11. Bait the energized wires when the fence is first installed and at critical seasons of the year. It is common to wrap peanut butter inside tinfoil and hang it on the fence at 20-40 ft. intervals. The smell draws the deer's nose to fence.

Peanut Butter Fence

The peanut butter fence is effective for small gardens and ornamental plantings (1 acre or less) with moderate deer pressure. Deer are attracted by the peanut butter and encouraged to make nose-to-fence contact. After being shocked, deer learn to avoid fenced areas.

To build a peanut butter fence follow the steps below.
    (1) Install wooden corner posts.
    (2) String one strand of 17-gauge (0.15-cm), smooth wire around the corners and apply light tension.
    (3) Set 4-foot (1.2-m) 3/8-inch (1-cm) round fiberglass rods along the wire at 45-foot (14-m) intervals.
    (4) Attach the wire to insulators on the rods 2 1/2 (0.75 m) feet above ground level and apply 50 pounds
                    (22.5 kg) of tension.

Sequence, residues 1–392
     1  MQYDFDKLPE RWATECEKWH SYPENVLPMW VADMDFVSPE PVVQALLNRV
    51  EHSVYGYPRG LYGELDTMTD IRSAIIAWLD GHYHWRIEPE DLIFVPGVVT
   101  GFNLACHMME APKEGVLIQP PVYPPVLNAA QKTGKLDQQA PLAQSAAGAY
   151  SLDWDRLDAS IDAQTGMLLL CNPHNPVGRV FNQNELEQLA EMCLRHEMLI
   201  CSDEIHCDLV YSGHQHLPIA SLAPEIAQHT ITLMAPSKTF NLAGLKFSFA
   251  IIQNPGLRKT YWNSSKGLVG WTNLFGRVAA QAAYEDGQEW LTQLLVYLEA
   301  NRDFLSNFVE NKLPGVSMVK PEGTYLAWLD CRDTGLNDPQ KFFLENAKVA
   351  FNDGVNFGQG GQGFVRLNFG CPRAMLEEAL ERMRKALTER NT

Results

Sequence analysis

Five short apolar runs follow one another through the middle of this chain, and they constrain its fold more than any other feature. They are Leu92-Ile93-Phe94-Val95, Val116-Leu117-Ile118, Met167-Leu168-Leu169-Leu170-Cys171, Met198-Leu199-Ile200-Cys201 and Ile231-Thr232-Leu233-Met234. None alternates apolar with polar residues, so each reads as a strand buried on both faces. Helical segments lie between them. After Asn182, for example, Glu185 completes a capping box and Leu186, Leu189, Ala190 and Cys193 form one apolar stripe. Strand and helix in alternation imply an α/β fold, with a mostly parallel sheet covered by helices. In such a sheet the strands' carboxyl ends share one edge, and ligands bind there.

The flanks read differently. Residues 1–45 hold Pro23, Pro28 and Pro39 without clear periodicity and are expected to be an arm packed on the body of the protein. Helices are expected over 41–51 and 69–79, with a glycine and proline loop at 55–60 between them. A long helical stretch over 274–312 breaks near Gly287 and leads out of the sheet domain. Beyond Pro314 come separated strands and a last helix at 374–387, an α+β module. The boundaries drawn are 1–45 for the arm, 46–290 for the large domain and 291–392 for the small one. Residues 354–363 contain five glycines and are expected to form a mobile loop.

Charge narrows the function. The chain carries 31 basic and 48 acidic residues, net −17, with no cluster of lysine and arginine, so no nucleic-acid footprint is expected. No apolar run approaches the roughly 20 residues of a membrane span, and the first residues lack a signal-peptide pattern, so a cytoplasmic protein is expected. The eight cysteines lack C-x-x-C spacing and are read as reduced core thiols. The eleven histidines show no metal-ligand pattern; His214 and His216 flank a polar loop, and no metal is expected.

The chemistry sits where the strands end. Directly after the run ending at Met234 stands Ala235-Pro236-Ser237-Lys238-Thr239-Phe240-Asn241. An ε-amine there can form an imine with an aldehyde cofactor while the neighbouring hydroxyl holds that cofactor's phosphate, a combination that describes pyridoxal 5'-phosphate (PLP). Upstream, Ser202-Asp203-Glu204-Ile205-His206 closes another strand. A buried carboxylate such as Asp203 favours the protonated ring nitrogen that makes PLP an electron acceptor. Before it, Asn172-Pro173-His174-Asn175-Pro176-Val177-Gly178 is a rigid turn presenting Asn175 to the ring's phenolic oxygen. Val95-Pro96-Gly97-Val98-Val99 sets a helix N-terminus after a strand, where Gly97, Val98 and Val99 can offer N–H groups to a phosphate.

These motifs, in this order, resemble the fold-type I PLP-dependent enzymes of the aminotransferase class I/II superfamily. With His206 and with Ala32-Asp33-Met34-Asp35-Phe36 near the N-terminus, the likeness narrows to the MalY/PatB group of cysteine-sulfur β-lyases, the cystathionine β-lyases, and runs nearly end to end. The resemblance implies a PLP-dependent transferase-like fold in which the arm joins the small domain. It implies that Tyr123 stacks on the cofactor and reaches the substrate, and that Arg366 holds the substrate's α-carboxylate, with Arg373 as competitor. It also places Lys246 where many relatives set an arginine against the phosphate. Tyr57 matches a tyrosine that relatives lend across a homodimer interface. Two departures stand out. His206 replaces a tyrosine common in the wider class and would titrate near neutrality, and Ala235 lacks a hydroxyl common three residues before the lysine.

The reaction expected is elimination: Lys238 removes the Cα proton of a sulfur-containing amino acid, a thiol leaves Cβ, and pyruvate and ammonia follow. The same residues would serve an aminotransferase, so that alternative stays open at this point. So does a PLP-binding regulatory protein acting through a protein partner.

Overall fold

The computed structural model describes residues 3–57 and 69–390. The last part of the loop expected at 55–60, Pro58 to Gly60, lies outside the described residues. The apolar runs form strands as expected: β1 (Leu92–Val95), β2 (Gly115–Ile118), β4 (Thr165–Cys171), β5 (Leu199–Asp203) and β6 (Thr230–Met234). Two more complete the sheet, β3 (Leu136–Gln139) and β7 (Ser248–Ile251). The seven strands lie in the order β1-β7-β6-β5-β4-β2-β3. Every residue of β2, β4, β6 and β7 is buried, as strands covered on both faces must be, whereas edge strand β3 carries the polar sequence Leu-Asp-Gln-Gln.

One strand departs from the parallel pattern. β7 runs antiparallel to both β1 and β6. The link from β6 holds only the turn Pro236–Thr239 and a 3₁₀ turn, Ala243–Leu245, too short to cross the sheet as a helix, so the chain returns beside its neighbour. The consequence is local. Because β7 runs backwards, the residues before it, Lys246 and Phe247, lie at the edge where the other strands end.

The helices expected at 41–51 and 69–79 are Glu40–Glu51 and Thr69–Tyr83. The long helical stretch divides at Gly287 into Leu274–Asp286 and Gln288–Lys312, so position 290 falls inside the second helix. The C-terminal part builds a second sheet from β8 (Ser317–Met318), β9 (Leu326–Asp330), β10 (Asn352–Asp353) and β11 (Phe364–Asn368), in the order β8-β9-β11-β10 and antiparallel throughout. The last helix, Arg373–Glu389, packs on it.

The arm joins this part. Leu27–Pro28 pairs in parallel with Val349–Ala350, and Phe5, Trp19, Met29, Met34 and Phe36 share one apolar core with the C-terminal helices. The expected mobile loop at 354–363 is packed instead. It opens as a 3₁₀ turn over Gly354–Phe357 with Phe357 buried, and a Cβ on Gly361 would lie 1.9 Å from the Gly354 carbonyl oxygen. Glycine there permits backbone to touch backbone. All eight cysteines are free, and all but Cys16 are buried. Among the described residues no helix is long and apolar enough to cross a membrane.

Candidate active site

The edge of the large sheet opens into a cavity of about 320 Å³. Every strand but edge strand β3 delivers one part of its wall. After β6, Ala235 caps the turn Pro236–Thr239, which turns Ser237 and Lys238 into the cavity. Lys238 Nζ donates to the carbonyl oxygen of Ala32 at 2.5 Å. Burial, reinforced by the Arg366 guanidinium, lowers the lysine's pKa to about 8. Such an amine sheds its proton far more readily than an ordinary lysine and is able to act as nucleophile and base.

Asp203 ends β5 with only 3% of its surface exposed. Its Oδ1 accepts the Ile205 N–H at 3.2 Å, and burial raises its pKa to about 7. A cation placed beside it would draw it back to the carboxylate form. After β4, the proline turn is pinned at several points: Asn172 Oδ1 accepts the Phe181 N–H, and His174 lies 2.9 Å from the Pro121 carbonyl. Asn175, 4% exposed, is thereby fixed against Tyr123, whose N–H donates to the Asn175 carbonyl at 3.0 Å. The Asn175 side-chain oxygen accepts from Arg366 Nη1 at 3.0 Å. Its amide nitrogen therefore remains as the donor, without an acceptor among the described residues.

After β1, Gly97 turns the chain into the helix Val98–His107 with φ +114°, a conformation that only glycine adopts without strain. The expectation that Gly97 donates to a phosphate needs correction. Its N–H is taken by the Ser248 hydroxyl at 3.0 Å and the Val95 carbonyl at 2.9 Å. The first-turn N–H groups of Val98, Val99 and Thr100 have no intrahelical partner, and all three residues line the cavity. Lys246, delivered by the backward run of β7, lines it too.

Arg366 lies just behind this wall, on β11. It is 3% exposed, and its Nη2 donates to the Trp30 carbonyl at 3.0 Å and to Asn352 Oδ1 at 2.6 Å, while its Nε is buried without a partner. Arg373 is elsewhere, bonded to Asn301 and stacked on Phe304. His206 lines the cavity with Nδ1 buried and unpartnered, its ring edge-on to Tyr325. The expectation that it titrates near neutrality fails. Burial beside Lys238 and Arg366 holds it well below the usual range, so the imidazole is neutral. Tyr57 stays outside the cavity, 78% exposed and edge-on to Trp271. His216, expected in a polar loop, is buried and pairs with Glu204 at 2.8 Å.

(5) Attach 3 x 4-inch (7 x 10-cm) foil strips to the wire at 3-foot (1-m) intervals, using 1 x 2-inch (3 x 5- cm)
                     strips of cloth adhesive tape.
    (6) Apply a 1:1 mixture of peanut butter and vegetable oil to the adhesive tape strips and fold the foil over
                    the tape.
    (7) Connect the wire to the positive (+) post of a well-grounded fence charger.

Check the fence weekly for damage by deer and grounding by vegetation.

Electric Polytape Fence

Several forms of polytape or polywire fencing are very strong and portable. You can use these fences to protect slightly larger acres of vegetable gardens and even some small field crops under moderate deer pressure. Deer receive shocks through nose-to-fence contact and they learn to avoid fenced areas.

To build a polytape fence follow the steps below.
     
     (1) Drive 5/8-inch (1.6-cm) round fiberglass posts 2 feet (0.6 m) into the ground at the corners.
     (2) String two strands of polytape (white or yellow are most visible) around the corners and
                       apply light tension (one strand 2 1/2 feet (0.75 m) high can be used).
     (3) Use square knots or half-hitches to make splices or to secure the polytape to corner posts.
     (4) Set 4-foot (1.2-cm) 3/8-inch (1-cm) round fiberglass rods along the wires at 45-foot (14-m)
                           intervals.
     (5) Attach the two strands of polytape to insulators on the rods at 1 and 3 feet (0.3 and 0.9 m)
                           above ground level and apply 50 pounds (22.5 kg) of tension.
     (6) Connect the polytape to the positive (+) post of a well-grounded fence charger.